December 7, 2007
When Judges Politely Disagree
The West Virginia Supreme Court of Appeals recently reversed a criminal conviction in a particularly brutal crime over the dissent of a single justice. On Tuesday, a concurrence in the case was filed that is reprinted below in its entirety:
Four members of this Court, including jurists who could hardly be characterized as coddlers of criminals, concluded that the defendant's criminal trial was so flawed that there must be a “redo.” Objecting to this Court's action we find - no surprise here - a “tough on crime” “sound bite” dissent.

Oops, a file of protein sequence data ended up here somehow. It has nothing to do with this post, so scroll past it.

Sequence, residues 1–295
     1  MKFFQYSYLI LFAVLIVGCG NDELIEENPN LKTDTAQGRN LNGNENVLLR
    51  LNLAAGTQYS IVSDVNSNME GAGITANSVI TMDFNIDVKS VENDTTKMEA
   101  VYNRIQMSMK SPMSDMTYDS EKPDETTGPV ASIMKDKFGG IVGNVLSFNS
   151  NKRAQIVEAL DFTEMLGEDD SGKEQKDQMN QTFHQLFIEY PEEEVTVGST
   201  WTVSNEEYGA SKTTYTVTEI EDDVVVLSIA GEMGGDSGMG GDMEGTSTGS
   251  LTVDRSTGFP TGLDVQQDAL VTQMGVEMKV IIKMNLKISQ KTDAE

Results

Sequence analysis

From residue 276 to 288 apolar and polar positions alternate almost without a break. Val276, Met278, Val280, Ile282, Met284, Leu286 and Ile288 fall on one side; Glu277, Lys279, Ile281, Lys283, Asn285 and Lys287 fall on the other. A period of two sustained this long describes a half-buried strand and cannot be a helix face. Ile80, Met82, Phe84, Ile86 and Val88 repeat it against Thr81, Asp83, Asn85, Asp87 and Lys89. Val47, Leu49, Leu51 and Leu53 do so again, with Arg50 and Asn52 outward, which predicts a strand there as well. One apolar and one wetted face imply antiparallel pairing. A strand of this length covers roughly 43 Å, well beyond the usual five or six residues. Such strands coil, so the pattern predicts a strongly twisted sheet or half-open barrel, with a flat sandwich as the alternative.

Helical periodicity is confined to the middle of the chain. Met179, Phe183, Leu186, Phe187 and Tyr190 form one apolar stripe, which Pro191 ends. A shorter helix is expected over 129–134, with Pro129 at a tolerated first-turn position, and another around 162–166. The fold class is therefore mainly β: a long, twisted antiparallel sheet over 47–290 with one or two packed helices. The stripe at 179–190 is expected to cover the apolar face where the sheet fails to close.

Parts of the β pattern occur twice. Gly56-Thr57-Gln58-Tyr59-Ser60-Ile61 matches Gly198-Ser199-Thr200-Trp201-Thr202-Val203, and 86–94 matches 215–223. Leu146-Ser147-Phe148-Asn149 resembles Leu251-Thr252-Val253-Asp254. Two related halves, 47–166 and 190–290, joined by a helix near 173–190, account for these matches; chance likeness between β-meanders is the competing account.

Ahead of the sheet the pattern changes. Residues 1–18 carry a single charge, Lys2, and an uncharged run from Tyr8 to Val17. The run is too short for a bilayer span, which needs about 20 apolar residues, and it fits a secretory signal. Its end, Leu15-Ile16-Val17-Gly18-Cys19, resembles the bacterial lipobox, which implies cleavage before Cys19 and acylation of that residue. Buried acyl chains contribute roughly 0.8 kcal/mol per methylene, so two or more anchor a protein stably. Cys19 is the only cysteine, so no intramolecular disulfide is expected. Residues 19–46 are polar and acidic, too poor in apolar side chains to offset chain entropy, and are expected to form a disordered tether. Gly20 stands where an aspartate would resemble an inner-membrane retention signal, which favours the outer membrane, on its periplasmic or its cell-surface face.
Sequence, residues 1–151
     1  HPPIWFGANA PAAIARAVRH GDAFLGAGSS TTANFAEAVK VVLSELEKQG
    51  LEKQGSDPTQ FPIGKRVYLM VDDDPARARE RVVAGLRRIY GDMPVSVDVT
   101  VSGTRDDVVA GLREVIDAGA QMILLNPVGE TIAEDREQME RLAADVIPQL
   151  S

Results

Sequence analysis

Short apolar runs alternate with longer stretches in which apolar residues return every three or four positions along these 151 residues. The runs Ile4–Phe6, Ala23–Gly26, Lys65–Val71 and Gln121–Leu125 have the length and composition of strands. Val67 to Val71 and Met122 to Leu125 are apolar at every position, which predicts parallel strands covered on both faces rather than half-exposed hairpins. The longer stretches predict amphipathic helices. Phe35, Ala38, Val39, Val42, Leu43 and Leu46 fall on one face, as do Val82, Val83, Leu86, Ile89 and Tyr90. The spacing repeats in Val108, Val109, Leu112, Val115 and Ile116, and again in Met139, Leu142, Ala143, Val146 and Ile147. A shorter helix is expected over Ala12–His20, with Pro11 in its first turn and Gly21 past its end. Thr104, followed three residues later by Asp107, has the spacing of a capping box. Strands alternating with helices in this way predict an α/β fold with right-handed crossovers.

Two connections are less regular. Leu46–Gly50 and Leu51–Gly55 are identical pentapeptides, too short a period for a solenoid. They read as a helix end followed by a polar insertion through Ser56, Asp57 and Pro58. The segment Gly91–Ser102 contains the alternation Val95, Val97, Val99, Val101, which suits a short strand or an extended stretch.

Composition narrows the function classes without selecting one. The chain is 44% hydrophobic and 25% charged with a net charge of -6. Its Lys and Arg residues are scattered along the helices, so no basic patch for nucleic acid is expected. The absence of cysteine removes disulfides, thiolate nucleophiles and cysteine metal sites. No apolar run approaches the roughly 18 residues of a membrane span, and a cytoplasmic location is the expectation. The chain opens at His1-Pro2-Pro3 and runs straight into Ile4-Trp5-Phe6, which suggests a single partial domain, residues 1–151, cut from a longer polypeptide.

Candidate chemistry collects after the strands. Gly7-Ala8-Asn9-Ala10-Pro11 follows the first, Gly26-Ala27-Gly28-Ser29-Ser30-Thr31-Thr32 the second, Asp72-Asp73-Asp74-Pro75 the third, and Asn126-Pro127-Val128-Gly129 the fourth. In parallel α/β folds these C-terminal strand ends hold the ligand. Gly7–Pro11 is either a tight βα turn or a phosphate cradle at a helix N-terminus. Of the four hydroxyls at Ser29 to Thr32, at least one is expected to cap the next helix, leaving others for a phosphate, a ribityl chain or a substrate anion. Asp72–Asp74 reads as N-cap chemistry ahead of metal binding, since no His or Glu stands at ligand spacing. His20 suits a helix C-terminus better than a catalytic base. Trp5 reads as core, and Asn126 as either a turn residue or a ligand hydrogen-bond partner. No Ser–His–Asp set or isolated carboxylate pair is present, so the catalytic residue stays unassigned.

It's also no surprise that the dissent bears no relation to the facts of the case. As the Court's opinion points out, the circuit court could have weighed the “other crimes” evidence, and given a limiting instruction, if that evidence was found to be relevant and reliable, etc., after a hearing. But this never happened.
“Who cares?” says the dissent. “It was a gruesome murder, the defendant is probably guilty - end of story!”
Thankfully, this Court did care, and protected the integrity of our justice system. Accordingly, I concur. (Mike Frisch)
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